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By Ron Mc
#2294913
Decades of saltwater night-lite dock fishing, this whistler is the most effective, and imitates glass minnows to swimming crabs.

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Size 6 stainless hook, I tie some with medium and some with large stainless bead chain.
for a change-up, I'll fish small Hi-ties.
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By Ron Mc
#2294938
thanks - these are zing-them-out flies, simple to tie and a variation on the very first white bass flies I ever learned to tie copying Billy Trimble's flies (1980).
(his had a grizzly hackle collar, shorter tail, and smaller size 10 hook for white bass - caught many sandies in the dark with blue chenille and blue marabou)

A photo from Arroyo City last Nov with an 8' 1960 Harnell 7-wt and fat Arroyo nursery trout.
Will be back there in 8 days for the glorious dock fishing and morning power boat runs to LLM, with my 90-y-o dad.

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By karstopo
#2295006
Looks like relatively quick tie, which is always nice. Marabou tail, is that tinsel in the middle? a chenille head?

My uncle has a place on the San Bernard River in the tidal zone. I bet those whistlers would be a hit there when the trout move in.
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By Ron Mc
#2295009
the body wrap, they call sparkle chenille.
yes, shrimpy-colored chenille head wrap and thread to match.
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By Ron Mc
#2295014
Jerry, a couple of Octobers ago in Palm Harbor canals, this was the view.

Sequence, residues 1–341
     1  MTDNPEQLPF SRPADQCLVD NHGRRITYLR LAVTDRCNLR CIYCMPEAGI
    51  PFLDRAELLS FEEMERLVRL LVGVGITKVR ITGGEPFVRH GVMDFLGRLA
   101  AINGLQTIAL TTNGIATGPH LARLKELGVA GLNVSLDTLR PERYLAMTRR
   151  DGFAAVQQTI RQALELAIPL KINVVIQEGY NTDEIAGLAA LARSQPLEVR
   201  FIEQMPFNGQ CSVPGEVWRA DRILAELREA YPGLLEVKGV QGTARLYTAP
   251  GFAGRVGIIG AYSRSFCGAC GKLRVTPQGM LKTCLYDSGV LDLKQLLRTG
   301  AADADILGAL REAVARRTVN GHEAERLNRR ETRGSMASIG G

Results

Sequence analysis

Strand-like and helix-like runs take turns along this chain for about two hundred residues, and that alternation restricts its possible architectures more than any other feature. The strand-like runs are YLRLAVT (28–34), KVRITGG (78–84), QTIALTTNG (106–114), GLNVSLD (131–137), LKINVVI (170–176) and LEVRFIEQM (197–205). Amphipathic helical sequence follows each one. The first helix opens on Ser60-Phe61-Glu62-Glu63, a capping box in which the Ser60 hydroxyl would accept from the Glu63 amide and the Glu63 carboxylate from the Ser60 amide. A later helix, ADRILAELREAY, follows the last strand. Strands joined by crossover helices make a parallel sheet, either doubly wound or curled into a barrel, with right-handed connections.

Managed to get three of these to together chase a small popper and caught one.
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It was a fool-me-once thing, after that had to switch to the slime line and whistlers to catch more.

Seen the same canals in summer when there were big trout sitting on those lights, and enough bait to walk across the canal.
The big trout kept the nursery trout out in the dark.
The trick then was having a matching-size lure waiting when the big trout decided to flare and eat, and jigging a 2" swim shad on the XUL rockfish rod was the technique that paid.

ps - my buddy was walking back to the boat on Fence Lake one morning, simply dragging his floating line with one of those little size 6 stainless poppers, and caught an unintentional trolling slot red.
Last edited by Ron Mc on Fri Oct 25, 2019 7:40 am, edited 1 time in total.
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By Ron Mc
#2295025
Ken S wrote:slime line?

the old-fashioned name for intermediate or neutral-density sinking line - you can see one on my reel in the first photo.
They cast farther than a floating line because they're smaller diameter, slice the wind better, sink at a very controlled rate for counting down, eliminate the need to use weighted flies, and eliminate hinge and weighted fly yo-yo. They fish the Zone kinda like a TSL grasswalker.
They basically disappear in the water, and fish great with 5' leaders.
I fish them in the salt anytime I don't need a floating line (shallow grass) or a really fast sinking like a Teeny TS shooting head (jetties, offshore, ripping current in a tide pass). Slime lines are especially good for dock and canal fishing. I go to slime line most often in the bays, and it's also go-to line for the surf.

here's a rat red on LHL, wading at the first duck blind, and fishing into a mid-thigh-deep hole. Had pretty good fish sign in jumping small bait, caught this rat and a good ladyfish, but I think you can see the transparent fly line in the photo. I have 3 of these, one from SA Mastery (bonefish intermediate) and two Airflo ridgelines. Two are monocore, and one of the Airflo is coreless, transparent, and really thin